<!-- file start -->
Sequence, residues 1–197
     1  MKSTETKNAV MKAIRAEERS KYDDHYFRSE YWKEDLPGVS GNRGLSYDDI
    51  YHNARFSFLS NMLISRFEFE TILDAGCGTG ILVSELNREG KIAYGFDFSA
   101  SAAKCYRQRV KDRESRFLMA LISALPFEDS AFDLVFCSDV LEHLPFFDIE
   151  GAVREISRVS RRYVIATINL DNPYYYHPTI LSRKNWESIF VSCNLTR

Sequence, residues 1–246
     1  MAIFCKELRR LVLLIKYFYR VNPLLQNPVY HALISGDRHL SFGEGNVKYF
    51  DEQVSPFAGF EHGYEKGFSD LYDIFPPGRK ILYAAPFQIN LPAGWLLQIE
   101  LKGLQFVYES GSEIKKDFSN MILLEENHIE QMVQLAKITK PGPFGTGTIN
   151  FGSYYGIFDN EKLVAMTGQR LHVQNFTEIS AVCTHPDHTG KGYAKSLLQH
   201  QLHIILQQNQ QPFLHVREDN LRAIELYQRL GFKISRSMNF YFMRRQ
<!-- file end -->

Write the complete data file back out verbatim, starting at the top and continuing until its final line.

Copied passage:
Sequence, residues 1–197
     1  MKSTETKNAV MKAIRAEERS KYDDHYFRSE YWKEDLPGVS GNRGLSYDDI
    51  YHNARFSFLS NMLISRFEFE TILDAGCGTG ILVSELNREG KIAYGFDFSA
   101  SAAKCYRQRV KDRESRFLMA LISALPFEDS AFDLVFCSDV LEHLPFFDIE
   151  GAVREISRVS RRYVIATINL DNPYYYHPTI LSRKNWESIF VSCNLTR

Sequence, residues 1–246
     1  MAIFCKELRR LVLLIKYFYR VNPLLQNPVY HALISGDRHL SFGEGNVKYF
    51  DEQVSPFAGF EHGYEKGFSD LYDIFPPGRK ILYAAPFQIN LPAGWLLQIE
   101  LKGLQFVYES GSEIKKDFSN MILLEENHIE QMVQLAKITK PGPFGTGTIN
   151  FGSYYGIFDN EKLVAMTGQR LHVQNFTEIS AVCTHPDHTG KGYAKSLLQH
   201  QLHIILQQNQ QPFLHVREDN LRAIELYQRL GFKISRSMNF YFMRRQ